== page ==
All eyes are on how fast the kingdom can recover from the weekend’s devastating strike, which knocked out roughly 5% of global supply and triggered a record surge in oil prices. The loss of Abqaiq, which handles 5.7 million barrels of oil a day, or about half of Saudi production, is the single worst sudden disruption to the oil market.

    Aramco, the world’s largest exporter, is currently supplying customers from its stockpiles, but is asking some buyers to accept different grades. President Trump has said he’s ready to release oil from the U.S. Strategic Petroleum Reserve to ensure ample supply.

    Saudi Arabia is also starting idle offshore fields to replace some of the lost production.

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    China's Economy Slows Again, Adding Pressure for Policy Action

    This article from Bloomberg news may be of interest to subscribers. Here is a section:

    Industrial output rose 4.4% from a year earlier in August, the lowest for a single month since 2002, while retail sales came in below expectations. Fixed-asset investment slowed to 5.5% in the first eight months, with the private sector lagging state investment for the 6th month.

    The data add support to the argument that policy makers’ efforts to brake the slowing economy aren’t sufficient as the nation grapples with structural downward pressure at home, the risk of yet-higher tariffs on exports to the U.S. and now surging oil prices. Nomura International Ltd. said this all raises the likelihood that the People’s Bank of China will cut its medium-term lending rate on Tuesday.

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    Fast Strike Against GM Breaks Years of UAW Negotiating Tradition

    This article by Andrew Wallender for Bloomberg may be of interest to subscribers. Here is a section:

    “I think that they were just very impatient in this round of negotiations,” said Marick Masters, a management professor and the director of Wayne State University’s labor studies program.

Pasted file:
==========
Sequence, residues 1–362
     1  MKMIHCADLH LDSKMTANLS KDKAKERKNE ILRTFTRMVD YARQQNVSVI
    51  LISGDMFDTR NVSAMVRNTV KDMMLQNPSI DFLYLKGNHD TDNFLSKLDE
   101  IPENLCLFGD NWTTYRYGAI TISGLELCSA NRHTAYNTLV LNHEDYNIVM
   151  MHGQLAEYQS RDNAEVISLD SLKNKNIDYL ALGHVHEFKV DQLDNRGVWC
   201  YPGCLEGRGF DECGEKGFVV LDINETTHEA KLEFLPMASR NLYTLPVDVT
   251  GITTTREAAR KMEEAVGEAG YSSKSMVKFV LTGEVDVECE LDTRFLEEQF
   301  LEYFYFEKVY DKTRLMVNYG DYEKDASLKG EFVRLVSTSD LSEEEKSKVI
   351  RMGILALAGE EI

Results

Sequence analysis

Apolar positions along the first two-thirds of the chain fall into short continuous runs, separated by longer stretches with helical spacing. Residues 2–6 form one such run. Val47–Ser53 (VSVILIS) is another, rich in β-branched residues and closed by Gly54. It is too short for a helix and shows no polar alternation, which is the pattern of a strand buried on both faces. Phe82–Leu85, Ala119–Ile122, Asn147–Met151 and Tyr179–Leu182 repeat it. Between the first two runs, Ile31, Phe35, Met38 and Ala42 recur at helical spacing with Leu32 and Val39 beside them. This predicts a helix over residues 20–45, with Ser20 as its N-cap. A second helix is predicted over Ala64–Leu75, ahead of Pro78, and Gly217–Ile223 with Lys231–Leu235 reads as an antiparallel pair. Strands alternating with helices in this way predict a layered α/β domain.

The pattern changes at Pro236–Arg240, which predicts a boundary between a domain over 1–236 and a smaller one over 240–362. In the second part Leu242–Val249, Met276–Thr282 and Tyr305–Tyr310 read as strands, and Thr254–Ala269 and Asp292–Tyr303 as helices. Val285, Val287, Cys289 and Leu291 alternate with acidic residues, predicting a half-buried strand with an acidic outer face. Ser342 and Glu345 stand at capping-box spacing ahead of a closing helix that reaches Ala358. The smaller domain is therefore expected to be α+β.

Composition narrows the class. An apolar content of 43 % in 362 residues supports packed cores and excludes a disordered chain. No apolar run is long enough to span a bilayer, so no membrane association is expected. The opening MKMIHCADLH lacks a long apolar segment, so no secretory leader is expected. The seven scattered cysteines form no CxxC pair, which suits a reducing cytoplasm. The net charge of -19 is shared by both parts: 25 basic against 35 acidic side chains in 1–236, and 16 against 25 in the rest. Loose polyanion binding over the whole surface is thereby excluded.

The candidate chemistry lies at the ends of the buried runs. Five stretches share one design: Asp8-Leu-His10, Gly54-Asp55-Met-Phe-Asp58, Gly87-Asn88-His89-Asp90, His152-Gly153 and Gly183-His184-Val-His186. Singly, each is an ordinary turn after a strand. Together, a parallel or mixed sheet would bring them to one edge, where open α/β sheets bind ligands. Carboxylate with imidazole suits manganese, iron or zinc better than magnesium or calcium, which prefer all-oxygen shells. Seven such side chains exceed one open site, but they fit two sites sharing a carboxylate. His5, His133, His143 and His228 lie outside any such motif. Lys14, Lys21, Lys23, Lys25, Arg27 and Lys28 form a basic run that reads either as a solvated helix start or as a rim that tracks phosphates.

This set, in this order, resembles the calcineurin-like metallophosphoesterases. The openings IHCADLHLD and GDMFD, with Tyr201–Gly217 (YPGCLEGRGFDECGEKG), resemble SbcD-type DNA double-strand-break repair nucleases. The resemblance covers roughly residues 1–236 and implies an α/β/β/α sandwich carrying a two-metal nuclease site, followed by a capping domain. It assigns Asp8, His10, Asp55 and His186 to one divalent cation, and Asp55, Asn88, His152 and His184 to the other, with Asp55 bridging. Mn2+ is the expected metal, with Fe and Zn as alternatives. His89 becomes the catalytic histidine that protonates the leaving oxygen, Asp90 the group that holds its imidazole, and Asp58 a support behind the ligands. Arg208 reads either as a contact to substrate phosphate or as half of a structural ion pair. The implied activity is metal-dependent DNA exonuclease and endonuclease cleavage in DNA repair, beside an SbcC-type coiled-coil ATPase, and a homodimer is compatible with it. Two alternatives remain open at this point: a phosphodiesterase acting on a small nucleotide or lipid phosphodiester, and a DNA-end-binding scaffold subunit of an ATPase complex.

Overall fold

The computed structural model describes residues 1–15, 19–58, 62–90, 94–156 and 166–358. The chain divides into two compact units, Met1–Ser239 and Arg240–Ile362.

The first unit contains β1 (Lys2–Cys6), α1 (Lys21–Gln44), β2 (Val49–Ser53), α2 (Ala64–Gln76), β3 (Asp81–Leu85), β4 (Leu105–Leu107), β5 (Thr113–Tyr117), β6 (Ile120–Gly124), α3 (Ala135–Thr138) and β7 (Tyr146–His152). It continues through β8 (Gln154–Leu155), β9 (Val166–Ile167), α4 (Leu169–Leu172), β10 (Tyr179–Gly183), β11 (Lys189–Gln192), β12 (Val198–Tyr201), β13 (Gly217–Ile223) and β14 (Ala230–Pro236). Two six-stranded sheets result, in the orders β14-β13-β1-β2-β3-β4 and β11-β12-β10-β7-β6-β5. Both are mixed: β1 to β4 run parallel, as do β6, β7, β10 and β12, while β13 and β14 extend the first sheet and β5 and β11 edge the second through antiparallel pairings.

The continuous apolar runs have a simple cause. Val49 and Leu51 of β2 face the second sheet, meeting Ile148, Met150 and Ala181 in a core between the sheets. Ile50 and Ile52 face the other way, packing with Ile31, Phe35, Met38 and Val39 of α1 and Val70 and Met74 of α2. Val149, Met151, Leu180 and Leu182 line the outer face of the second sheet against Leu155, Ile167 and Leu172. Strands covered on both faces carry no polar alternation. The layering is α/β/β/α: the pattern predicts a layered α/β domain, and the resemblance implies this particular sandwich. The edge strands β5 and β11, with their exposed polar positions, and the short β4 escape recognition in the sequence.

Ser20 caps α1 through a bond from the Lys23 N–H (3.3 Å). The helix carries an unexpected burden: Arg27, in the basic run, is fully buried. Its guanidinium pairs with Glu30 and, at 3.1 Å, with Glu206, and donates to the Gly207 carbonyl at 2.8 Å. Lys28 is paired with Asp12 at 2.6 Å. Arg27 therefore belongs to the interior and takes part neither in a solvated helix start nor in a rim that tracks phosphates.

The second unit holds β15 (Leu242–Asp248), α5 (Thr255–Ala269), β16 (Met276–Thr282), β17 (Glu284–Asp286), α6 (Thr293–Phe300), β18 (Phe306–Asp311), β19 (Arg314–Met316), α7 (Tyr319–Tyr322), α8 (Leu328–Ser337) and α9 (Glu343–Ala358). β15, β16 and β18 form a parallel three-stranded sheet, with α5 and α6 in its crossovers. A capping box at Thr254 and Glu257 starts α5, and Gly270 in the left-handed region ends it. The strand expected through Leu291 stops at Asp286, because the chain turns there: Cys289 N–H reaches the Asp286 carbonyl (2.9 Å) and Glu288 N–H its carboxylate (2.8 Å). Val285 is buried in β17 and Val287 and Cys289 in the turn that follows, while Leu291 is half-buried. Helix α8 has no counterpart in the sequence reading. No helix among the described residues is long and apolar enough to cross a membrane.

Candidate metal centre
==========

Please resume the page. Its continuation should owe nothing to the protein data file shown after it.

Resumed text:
But there’s a flurry of complicating factors in ongoing negotiations. Union leadership is under increased scrutiny as federal prosecutors continue to unravel a sprawling culture of corruption among former UAW leaders and negotiators.

    There also was a strong sense inside and outside the union that a strike was likely, Masters said. Such an outlook could have contributed to the speed with which the strike was called, according to the professor.

    “It’s hard to say how far apart they are,” Masters said of the UAW and GM. “But I get the feeling that they are pretty far apart. So you hope that they come to their senses pretty soon. But it certainly has the makings to go on for a very long time with the caveat that when reality sets in, they’re probably going to want to sit down and see what they can do to bring things back together.”

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    Crops Surge as China Moves to Increase U.S. Farm Purchases

    This article by Millie Munshi and Michael Hirtzer for Bloomberg may be of interest to subscribes. Here is a section:

    China is encouraging companies to buy U.S. farm products, and will exclude them from added tariffs. Many crop prices are heading for their best week since at least June on optimism that Beijing and Washington are inching toward a deal. The year-long trade spat has undercut farmer profits and boosted debt levels in the U.S. as Chinese demand fell off.

    There was evidence of fresh Chinese buying Friday as the U.S. government reported 204,000 tons of soybeans sold to the Asian nation, the first such announcement in more than two
    months.

    “We are hopeful that this apparent gesture of goodwill by China leads not only to more sales of U.S. pork, but that it contributes to a resolution of U.S.-China trade restrictions,” said David Herring, a North Carolina hog farmer and president of trade group National Pork Producers Council.